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T-Mobile will soon add support for the RCS Universal Profile

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RCS, or Rich Communication Services, is on the rise. Not only is the service growing, but it’s getting better too — and T-Mobile wants to lead the charge in the U.S. On Tuesday, March 13, the company announced it will be adding support for RCS Universal Profile, a new RCS industry standard. The support will roll out to customers in a software update in the second quarter of 2018.

RCS is aimed at essentially replacing the aging Short Message Service (SMS) standard. It allows for a whole slew of extra features. For example, it supports things like read receipts, the sharing of location, high-resolution images, videos, audio, and more. It also is much better at handling group messages than SMS, and can even allow for video calling. In other words, when RCS becomes a reality around the nation, you will be able to treat it like Facebook Messenger, WhatsApp, or WeChat.

RCS Universal Profile adds a few new features to T-Mobile’s flavor of RCS, but perhaps more important than that is that it will work with other carriers who have also adopted Universal Profile. Not all carriers adopted the same standard of RCS, largely because they adopted RCS before a universal, agreed-upon standard was released. RCS Universal Profile was released in 2016 after T-Mobile began supporting RCS.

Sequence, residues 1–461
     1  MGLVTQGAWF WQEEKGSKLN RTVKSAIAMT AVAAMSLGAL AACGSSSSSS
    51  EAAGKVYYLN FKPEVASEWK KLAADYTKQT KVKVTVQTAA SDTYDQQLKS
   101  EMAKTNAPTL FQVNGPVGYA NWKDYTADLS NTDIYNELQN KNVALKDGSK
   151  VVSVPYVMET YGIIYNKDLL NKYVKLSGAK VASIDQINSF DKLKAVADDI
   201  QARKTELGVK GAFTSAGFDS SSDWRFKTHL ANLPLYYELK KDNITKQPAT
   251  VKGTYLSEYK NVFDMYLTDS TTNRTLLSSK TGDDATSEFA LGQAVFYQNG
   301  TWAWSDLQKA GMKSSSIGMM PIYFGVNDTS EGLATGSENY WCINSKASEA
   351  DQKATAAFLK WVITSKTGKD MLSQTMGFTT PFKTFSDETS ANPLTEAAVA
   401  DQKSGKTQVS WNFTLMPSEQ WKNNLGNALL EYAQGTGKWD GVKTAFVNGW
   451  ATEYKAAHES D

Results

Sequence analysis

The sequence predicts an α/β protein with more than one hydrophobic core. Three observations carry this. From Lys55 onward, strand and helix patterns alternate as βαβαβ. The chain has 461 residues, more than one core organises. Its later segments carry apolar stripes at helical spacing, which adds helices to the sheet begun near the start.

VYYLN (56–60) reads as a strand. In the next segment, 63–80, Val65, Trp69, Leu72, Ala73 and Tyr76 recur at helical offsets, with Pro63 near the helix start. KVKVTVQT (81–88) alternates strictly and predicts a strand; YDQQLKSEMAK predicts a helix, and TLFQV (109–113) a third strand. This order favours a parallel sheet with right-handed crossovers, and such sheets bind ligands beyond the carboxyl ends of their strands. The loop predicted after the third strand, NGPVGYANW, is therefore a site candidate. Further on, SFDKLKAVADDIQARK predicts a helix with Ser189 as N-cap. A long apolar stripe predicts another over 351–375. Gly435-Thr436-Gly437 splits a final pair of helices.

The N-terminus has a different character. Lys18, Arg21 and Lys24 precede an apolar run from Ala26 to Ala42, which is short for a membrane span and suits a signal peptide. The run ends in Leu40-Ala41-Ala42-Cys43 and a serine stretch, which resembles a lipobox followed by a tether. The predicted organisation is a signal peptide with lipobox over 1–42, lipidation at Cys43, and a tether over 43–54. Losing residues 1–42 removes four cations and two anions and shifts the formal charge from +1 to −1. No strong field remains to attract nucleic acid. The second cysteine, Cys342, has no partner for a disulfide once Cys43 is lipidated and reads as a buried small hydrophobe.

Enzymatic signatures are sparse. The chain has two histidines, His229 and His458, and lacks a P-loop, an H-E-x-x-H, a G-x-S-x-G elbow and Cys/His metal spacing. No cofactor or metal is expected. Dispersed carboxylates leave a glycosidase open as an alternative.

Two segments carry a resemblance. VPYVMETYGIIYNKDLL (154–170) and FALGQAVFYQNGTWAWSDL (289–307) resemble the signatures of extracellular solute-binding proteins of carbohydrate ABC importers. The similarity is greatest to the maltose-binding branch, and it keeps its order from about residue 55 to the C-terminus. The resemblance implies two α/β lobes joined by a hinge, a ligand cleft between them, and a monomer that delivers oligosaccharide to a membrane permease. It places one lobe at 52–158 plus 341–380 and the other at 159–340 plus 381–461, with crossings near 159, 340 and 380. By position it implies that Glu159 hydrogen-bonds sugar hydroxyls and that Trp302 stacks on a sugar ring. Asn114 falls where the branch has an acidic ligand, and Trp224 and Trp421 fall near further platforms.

T-Mobile first launched RCS as part of its network in 2015 and now every Android phone the company sells supports it. According to the company, more than 30 million T-Mobile customers send more than 250 million RCS messages per day on the network. That might include you — it would be easy to miss that you’re using a new standard. You will still open the messaging app to send a message, type it out, and hit send. Over time, however, you will start noticing that your messaging app can simply do more. RCS may also present itself as a new way for businesses to interact with customers.

Of course, there are some compatibility issues. You might be a T-Mobile customer with an RCS-capable phone, but that doesn’t mean the recipient of the message is. Ideally, all carriers and all phones will soon support RCS, which means it will just become a fact of technology — and SMS can fade into oblivion.

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